Subtitled: The long-awaited return!
You know, I never really thought I would go almost 2 1/2 years between WLR volumes 75 and 76. But thanks to some irresponsible (or sinister) technicians in a Chinese lab, we had this pandemic from what some call COVID-19. I call it the CCP virus; regardless, it put a real damper on live music for the better part of a year and a half, including two summers. This fall we are finally beginning to see a recovery back to normal and one thing that sealed the deal for us going to the Unify Delaware Festival last month was the opportunity to see some live performances.
You may recall that in the past I’ve done a lot of multiband shows where I basically have space for the photo and a short overview. This time, though, I really have a bit of room to stretch my legs, as it were. The Unify Delaware Festival had three acts scheduled, and I caught the latter two: Jovon Newman and Trent and the Trainwreck. (The band I missed was Lincoln City.)
Newman presents a unique story and, it can be argued, is a product of new technology that allows easier integration of a instrumental backing track. (I have a social media friend several states away who does the same thing, but specializes in Frank Sinatra songs and others in that vein.) I certainly won’t argue that Jovon doesn’t put his own stamp on things, though – one song with a twist I enjoyed is a tune that should be in his wheelhouse, Wagon Wheel.
In reading his story, I can see just how he got his stage presence and demeanor. Jovon looked like he was having a good time and as the show moved along the crowd warmed up to him. His song mix was a pleasing combination that drew from both country and pop, so he was working in that crossover appeal with an audience that was most likely to lean in that direction.
Newman, though, only did about a 50-minute set, which left sort of a blank space that didn’t get filled by the DJ immediately. (You can see the next band was already pretty much set up in the photos.) It may be a product of him primarily playing on social media rather than a stage, but as he fills out his repertoire a little bit (he’s put out two singles in recent months) Jovon could get enough to be a headliner. If not, he has a valuable daytime job with the Delaware Air National Guard, which allows him to make music a hobby he can really devote himself to. (Sort of like writing for me, I guess.)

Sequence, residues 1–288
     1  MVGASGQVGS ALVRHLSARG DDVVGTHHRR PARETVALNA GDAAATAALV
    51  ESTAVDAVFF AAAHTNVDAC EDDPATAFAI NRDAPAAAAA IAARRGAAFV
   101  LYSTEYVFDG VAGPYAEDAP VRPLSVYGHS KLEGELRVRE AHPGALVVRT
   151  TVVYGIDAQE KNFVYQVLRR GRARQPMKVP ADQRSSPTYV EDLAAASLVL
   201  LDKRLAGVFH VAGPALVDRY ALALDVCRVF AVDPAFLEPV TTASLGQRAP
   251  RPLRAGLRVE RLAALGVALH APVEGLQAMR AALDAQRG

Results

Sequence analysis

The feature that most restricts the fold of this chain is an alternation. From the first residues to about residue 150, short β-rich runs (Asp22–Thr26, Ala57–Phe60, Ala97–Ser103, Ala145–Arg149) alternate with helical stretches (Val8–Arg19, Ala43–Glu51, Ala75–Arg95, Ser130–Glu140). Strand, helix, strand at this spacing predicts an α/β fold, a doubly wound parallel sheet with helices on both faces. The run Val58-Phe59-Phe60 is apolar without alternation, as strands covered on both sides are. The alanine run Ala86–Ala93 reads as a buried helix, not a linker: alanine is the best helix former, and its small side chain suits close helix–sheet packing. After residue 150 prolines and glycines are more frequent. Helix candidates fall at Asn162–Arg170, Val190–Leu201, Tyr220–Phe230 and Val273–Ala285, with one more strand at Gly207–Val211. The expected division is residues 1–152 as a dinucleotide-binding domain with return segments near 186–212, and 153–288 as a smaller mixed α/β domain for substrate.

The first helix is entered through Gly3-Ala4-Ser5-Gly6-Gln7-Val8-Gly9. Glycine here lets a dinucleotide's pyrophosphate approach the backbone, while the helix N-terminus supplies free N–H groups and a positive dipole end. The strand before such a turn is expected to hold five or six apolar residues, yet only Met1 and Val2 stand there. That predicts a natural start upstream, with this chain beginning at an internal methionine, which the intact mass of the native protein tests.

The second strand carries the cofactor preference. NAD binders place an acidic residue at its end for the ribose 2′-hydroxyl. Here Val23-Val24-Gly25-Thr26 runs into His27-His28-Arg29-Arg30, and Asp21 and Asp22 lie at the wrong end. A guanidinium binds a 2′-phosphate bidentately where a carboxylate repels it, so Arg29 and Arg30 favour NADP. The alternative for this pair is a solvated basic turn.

After that long pause, we were treated to Trent and the Trainwreck. As they describe it, they play “Southern Rock, Country, Red Dirt, originals, and everything in between.” Based on what they played: check, check, check, check, and check. (Okay, I’m assuming they did “Red Dirt” since that’s a description I’d not heard before. But I think they played it since they covered the rest.)
As opposed to Jovon Newman, who primarily “plays” online, Trent and the Trainwreck have done a fairly full complement of shows in various configurations: over the last few months they have played venues all over the coastal regions of slower lower Delaware like Lewes, Milton, and Rehoboth, venturing as far as Ocean City once, and in looking at social media they are already lining up shows for 2022. (One intriguing show: it looks like they’re playing the hopefully-resurrected Blessing of the Combines in Snow Hill, Maryland next August.)
So these guys had fun. As an example: the second song in, as I’m downing a great burger, was Folsom Prison Blues. All right, good choice for the crowd. But then it suddenly morphed into a song I wasn’t familiar with but somehow fit: I Don’t Even Know Your Name by Alan Jackson. Interesting, since I was today years old when I learned what the song was called – I just remember the lyric about marrying the waitress. Then back to Folsom Prison we went.
Throw in a couple originals of theirs, and you get the idea. I always have a thing for bands unafraid to play their own stuff – it may not be great or even that good, but to me (as someone who, admittedly, can’t carry a tune in a bucket) that’s how you grow as a musician. I think doing the originals will also help them shape the cover songs to their style better since they didn’t always quite to seem (to my ear) to match a complementary vocal style to the cover song. But maybe that’s the Red Dirt style coming out? (Just kidding.)
I think I’ll put up a few more pictures of the band that Kim took now…
My apologies to the drummer – if I had known Kim was taking these I would have gotten a close-up. They always get the short end of the (drum)stick.
Okay, I’ll show myself out. Let’s just hope I don’t have to wait 2 1/2 years to do the next volume of Weekend of Local Rock (and my first as a Delaware resident.)